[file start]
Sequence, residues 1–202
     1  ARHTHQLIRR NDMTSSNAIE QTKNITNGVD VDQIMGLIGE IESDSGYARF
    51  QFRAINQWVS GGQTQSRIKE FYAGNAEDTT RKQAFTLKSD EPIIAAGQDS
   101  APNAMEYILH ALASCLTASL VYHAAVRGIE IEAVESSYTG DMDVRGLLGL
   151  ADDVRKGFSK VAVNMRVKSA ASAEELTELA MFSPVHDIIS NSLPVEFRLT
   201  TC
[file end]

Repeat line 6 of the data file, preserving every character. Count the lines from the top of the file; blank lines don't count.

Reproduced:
   201  TC